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Embezzlement: A serious crime that can lead to charges

Of the white-collar crimes you may have heard of in the past, embezzlement is one of the most common. Embezzlement is a criminal action in which a person takes lawful possession of another person's property, takes the property for their own uses and decides not to give it back.

An example of this might be if you are given a business credit card from your employer. You're supposed to use the funds for your luncheon with coworkers, but you go on a shopping spree without authorization instead. This could be considered embezzlement.

Not all accusations of embezzlement are valid. Part of the reason is that the conversion of the property has to be done in a way that intentionally deprives the owner of their rights to that property. If it's possible to give the property back or if the property was lost, moved or slightly damaged, then embezzlement accusations may not be held up in court.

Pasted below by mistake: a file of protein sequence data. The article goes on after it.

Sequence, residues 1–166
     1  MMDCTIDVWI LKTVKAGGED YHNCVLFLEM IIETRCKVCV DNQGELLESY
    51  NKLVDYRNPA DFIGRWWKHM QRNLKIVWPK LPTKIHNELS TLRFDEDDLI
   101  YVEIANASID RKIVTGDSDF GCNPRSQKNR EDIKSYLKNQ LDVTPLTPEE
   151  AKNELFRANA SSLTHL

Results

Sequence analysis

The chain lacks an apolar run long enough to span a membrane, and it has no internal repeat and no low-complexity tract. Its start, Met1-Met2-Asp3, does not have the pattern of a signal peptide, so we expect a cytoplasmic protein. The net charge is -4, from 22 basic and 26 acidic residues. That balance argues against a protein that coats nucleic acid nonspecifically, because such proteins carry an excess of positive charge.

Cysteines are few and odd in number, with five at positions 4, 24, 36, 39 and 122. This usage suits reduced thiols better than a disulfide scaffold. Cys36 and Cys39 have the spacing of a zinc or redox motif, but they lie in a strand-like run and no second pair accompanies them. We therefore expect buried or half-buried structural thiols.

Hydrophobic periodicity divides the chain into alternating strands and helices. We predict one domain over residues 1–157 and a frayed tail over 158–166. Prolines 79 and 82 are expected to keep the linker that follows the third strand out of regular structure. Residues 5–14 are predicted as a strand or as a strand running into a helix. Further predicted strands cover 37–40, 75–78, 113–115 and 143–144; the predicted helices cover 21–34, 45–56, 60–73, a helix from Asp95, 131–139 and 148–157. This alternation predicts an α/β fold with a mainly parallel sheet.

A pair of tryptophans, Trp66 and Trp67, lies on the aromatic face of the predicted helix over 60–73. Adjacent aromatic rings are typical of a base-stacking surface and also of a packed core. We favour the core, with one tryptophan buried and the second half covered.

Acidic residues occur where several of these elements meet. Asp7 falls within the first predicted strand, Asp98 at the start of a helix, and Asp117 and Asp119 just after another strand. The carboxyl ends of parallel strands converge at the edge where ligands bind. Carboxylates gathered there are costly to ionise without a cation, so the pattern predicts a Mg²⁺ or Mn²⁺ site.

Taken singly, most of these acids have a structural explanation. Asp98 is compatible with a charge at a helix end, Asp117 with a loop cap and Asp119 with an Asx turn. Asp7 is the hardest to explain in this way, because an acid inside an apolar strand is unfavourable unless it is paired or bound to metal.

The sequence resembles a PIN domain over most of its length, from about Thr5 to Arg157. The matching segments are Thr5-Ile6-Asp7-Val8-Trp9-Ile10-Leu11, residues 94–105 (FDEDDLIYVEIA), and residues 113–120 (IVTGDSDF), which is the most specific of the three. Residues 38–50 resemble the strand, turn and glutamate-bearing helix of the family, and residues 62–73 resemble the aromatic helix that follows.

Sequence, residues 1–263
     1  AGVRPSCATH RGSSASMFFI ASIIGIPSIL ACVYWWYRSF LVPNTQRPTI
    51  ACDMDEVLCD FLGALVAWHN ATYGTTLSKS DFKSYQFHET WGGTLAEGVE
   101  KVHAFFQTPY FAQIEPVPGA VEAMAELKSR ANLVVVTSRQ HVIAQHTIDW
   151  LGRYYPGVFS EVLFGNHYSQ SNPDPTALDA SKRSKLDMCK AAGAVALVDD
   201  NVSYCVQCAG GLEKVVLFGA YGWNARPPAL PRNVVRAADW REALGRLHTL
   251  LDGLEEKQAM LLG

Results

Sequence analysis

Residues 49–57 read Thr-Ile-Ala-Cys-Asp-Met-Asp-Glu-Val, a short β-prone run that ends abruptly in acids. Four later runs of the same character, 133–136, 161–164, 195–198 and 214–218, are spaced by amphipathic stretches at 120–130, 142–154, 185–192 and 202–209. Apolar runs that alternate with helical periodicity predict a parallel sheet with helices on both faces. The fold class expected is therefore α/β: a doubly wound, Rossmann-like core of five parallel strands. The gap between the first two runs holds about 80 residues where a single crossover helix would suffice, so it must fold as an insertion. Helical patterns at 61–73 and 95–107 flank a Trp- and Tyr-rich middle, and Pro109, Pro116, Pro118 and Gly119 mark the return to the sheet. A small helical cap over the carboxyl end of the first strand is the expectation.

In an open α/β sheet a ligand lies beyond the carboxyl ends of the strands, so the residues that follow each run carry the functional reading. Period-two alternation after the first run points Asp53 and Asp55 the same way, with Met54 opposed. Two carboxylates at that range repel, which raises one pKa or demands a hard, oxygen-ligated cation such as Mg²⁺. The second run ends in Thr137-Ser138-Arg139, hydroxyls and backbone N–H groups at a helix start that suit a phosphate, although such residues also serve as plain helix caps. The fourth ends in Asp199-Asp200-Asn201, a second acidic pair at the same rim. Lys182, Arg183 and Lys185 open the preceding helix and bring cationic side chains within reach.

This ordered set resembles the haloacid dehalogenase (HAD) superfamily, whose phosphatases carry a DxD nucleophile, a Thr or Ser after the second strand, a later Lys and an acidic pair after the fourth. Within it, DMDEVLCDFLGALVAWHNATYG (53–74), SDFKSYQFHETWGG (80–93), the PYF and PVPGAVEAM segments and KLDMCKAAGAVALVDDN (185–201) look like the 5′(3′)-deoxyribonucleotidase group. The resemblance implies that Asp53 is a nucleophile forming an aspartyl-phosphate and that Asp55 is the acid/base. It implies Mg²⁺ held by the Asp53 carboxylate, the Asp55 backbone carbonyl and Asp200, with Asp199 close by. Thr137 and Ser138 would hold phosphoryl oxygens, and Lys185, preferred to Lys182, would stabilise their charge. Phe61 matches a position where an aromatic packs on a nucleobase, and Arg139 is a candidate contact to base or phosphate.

What are some acts of embezzlement?

Some acts that might be considered embezzlement include:

  • Using up the assets
  • Selling assets without permission
  • Seriously damaging them (purposefully)
  • Withholding them permanently
  • Giving them away without permission

Embezzlement is most common in the corporate environment, since it tends to be committed by employees who have been given access to funds or property. A few common examples of workers who might commit embezzlement include accountants, financial managers, stock brokers, store clerks and bank tellers.

Does embezzlement have to involve money?

No, which is what many people misunderstand. Sometimes, embezzlement only involves property, like stealing company property.

What does it take for the prosecution to prove embezzlement?

The prosecution has to show that:

  • There is a fiduciary relationship between the client and employee or company
  • The assets or property were acquired through that relationship
  • The actions taken to deprive the client or employer of their money or items was intentional
  • The defendant took ownership of the missing property or gave it away to others

Remember, embezzlement can be a state or federal crime, so it does have hefty penalties that you could face upon conviction. If you are facing charges for embezzlement in Kentucky, the best thing you can do is to begin building a defense with the help of your attorney. Embezzlement cases are sometimes difficult to prove, but with forensic accountants and a thorough investigation, the prosecution will aim to have a solid case against you.

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